Not part of the 100 words: The man playing the flute is Paul Jones, composer, recording artist, maker of gorgeous Native American flutes, and educator. His wife Grace Jones plays the flute and guitar, the Native American drum and is an accomplished artist. You can visit their website at www.kokopelliflutesoftaos.com .

01 April 2008

Struck by fragility

Mid-morning in Los Alamos: I’m walking among the prickly pears.  Pinon pines. Bush-size and tree-size junipers. It’s too early in the Southwest spring for wildflowers. All around me but well hidden are horny toads, sidewinders, diamondback rattlesnakes and lizards of huge variety. Bobcats walked here while I slept. Pumas, too. Elk and deer. 

Under my feet: Red dirt. Tan dirt. Brown dirt. White dirt. Everywhere is rock of all shapes and sizes: blackish-red volcanic boulders contrasting with smooth basalt. Crumbly, melty, mesa rock in wavery stripes of pink and coral.

Above my head: Red-tail hawks soar interconnecting spirals in a cloudless, china-blue sky.

In my ears: A chorus of birdsong, which starts at sunrise and doesn’t end until nightfall; the shush of the unimpeded wind and suddenly, a shocking, huge ka-boom -- the sound of an explosion.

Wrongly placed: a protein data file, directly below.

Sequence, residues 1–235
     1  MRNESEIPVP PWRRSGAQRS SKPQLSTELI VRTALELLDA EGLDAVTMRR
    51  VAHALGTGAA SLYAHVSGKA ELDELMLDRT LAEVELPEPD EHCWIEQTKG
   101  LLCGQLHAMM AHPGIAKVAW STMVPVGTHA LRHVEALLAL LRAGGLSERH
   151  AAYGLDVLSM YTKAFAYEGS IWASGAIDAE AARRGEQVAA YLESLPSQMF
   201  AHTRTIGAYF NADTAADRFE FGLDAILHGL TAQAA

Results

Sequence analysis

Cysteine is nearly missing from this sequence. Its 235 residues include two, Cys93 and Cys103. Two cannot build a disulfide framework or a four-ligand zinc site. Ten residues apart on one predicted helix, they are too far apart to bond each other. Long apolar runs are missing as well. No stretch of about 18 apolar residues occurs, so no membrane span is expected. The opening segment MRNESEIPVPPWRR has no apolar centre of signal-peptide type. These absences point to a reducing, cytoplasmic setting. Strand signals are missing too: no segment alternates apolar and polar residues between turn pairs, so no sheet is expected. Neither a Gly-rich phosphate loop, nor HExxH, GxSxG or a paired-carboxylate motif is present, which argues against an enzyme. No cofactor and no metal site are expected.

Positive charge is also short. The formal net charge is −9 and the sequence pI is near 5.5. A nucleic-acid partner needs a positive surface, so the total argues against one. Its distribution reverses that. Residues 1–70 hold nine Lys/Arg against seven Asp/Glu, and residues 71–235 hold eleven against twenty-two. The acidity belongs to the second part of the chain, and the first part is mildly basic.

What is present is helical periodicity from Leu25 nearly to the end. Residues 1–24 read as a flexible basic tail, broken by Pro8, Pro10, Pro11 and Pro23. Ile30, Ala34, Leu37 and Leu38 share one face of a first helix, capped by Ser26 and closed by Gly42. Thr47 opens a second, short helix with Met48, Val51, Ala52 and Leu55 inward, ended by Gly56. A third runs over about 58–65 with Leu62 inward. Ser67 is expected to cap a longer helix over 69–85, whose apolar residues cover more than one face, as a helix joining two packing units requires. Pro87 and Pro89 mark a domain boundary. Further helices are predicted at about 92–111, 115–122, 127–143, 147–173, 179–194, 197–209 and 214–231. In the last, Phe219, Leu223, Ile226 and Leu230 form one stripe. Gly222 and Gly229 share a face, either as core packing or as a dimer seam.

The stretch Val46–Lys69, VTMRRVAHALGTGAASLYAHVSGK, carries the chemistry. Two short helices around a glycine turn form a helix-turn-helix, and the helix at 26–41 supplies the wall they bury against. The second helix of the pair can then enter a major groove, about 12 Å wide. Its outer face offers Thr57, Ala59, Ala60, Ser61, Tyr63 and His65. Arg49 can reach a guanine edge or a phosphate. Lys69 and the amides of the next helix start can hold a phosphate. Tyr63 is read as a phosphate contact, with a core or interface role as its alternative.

“What was that?” I ask, startled. My sister and I are walking the soft, sandy bottom of an arroyo in the wilderness near her house.

“Oh, the lab blew something up,” she says, unconcerned. But I’m curious, so she points to some nearby mountaintops. A brown plume rises into the air above one of them. It starts to shred on the wind and is nearly gone before I can prepare my camera for a photograph.

 “They do it all the time,” she shrugs. “You live around here for a while, you don’t even notice anymore.”

It’s easy to forget that it was in this very desert that busy scientists with pencils and slide-rules came up with and tested the nuclear bomb. Yesterday, I teared up, moved by the sublimity and grace of Georgia O’Keeffe’s paintings, viewed in the hush of the Santa Fe gallery with her name. 

The blast is an abrupt, ugly reminder of the human hell we create even here, surrounded by this wild, fragile beauty.  

23/50 - Cold again today

“They said it’s going to be really cold again today,” my mother says as I shuffle puffy-eyed to the kitchen and the coffeemaker after a long night wrestling with the Staffie over the bedcovers. Asleep with amazing determination, he’s a 350-pound dead weight.

Still sleepy and slow-brained, I stop. “It was cold yesterday?”

“Well, all that wind,” Mom says.

“Ah,” I say. It reached the low 70s in Santa Fe yesterday, with an occasional cool, gusty wind. It was perfect and refreshing. My cold-blooded mother and sister complained bitterly about the cold all day long.

We’re a family of opposites.

Update: Erk. Sister corrects me: Rocky is a Bull Terrier, not a Staffordshire. Her OTHER dog is a Staffie. She also assures me vehemently that it did not reach the 70s yesterday.  ;o)